His desperation seemed to come through, at times, on Sign o’ the Times, released in 1987. The last year me and my girls were together. The year that everything changed. But, we had that moment, through the summer, when we held on, desperately, almost. Prince’s desperation came through the most, we concluded, in “If I Was Your Girlfriend,” music and lyrics by Camille (Prince’s female alter ego, which we didn’t actually realize until years later). Girl was desperate, we thought, which was something we’d never show or let on. But, at the same time, he was otherworldly. Though we didn’t understand everything he was saying in the song—“orgasm,” “drink every ounce,” “hold you tight and hold you long” (goofy)—he was also doing “thangs” we might consider if we wanted to be somebody’s girlfriend: “let me wash your hair,” “pick out your clothes before we go out,” “make U breakfast sometime,” “go 2 the movies and cry together,” “take care of U and do all the things that only a best friend can.” We could do that. We could be those kinds of girlfriends. We were those kinds of girlfriends, to each other.

In the voice of Camille:

If I was your girlfriend would U let me dress U

I mean, help U pick out your clothes before we go out

Not that you’re helpless, but sometimes, those are the things that bein’ in love’s about. [End Page 22]

And, also in the voice of Camille:

Sugar do U know what I’m saying to U this evening?Maybe U think I’m being a little self-centeredBut I want 2 be all of the things U are 2 meSurely U can see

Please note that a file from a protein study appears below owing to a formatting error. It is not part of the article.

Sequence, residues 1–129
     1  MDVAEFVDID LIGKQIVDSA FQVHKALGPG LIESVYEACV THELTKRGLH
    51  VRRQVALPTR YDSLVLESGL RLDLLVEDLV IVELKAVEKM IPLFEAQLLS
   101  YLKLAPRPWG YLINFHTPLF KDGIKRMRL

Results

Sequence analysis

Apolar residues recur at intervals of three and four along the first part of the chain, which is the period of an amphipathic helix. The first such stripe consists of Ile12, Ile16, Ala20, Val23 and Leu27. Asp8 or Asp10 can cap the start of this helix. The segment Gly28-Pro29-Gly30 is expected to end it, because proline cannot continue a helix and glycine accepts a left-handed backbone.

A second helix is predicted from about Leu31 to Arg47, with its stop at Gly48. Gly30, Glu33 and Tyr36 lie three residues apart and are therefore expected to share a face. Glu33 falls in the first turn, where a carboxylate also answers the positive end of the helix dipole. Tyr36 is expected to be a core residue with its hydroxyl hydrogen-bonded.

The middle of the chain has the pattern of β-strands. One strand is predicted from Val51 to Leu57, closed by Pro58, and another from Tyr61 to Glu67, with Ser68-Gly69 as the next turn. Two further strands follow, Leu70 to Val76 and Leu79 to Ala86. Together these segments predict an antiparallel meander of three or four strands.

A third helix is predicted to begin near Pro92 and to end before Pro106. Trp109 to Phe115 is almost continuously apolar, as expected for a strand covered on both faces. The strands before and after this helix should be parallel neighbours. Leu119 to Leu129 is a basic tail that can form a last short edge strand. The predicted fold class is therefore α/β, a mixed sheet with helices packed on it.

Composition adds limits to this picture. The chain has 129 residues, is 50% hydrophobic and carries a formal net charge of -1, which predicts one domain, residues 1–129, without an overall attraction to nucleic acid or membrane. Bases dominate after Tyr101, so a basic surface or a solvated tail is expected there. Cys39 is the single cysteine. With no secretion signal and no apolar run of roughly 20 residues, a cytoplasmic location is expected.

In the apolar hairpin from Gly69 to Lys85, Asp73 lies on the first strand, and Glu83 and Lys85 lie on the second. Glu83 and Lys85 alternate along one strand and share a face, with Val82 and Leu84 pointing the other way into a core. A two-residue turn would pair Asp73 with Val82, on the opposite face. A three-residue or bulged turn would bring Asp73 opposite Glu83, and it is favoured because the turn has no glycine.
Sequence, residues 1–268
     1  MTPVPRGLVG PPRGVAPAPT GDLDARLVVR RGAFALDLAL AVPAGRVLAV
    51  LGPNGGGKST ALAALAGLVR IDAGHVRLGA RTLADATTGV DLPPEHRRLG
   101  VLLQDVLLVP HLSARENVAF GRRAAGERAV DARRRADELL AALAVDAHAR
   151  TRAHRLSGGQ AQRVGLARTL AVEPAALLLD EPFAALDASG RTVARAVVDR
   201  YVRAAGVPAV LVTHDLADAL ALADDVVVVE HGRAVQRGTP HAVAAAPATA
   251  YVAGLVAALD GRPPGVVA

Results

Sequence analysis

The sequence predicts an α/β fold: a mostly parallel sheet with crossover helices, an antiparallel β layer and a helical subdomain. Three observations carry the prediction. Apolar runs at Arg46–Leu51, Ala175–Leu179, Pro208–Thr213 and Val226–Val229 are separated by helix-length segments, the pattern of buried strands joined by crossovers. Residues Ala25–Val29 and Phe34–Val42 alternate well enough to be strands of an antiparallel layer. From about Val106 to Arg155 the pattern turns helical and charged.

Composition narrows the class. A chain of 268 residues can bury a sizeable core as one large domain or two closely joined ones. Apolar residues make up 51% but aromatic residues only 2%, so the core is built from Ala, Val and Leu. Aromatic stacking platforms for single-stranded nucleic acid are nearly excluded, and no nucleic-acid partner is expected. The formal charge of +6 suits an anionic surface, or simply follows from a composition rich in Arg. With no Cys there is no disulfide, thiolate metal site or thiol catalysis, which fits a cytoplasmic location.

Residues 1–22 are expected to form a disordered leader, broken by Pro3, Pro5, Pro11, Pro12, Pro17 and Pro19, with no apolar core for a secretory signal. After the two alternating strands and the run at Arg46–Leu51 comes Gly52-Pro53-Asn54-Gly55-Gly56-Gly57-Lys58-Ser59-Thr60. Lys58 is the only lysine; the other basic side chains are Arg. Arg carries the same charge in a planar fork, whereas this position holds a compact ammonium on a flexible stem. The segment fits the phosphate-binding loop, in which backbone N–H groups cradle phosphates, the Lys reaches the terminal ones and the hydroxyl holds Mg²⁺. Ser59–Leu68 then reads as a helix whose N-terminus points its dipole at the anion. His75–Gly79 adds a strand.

We were goofy, too, like Prince. In the way we wanted, in the ways we wanted one another. Forever. The way young women often let themselves be intimate with one another for the brief, before “dyke” gets attached to our practices. We wanted that. Wanted something different. Something better. Something that existed outside of where we were. Yeah, we were those kinds of girlfriends.

And as I sat in my car, alone, I reflected on that want. That love. But things were slowly changing: rumors of my father’s drug addiction had already begun swirling, and his infrequent visits helped that along. T. turned out to really be gay and, along with his brother, “disappeared” to Kansas City, never to be seen again. Jennifer went ahead and had her baby, and we saw one another now and then. Graciela lost her baby, and her family moved away shortly after. Prince started to fade among our larger circle of friends, people “couldn’t really get into” Sign o’ the Times, and Graffiti Bridge tipped that over the edge. But for a moment, I reflected upon and wrapped myself up in my relationships with my girls and our unexplained but deep love for one another and, for a moment, I could imagine what silence looked like.

RIP Prince.

Andreana Clay

Andreana Clay is an associate professor and current chair of the Department of Sociology and Sexuality Studies at San Francisco State University. Her research interests lie at the intersections of race, queerness, Black popular culture, and social movements. She is the author of The Hip-Hop Generation Fights Back: Youth, Activism and Post-Civil Rights Politics (NYU P, 2012) and journal articles on music, sexuality, and activism. She’s been blogging at for the last decade, where her writings on Prince first appeared.


Biography would like to thank Hal Leonard for the permission to reprint Prince lyrics in this essay. This essay quotes from “If I Was Your Girlfriend.” See the Lyric Acknowledgments in this issue for titles, writer credits, and copyright notices. [End Page 23]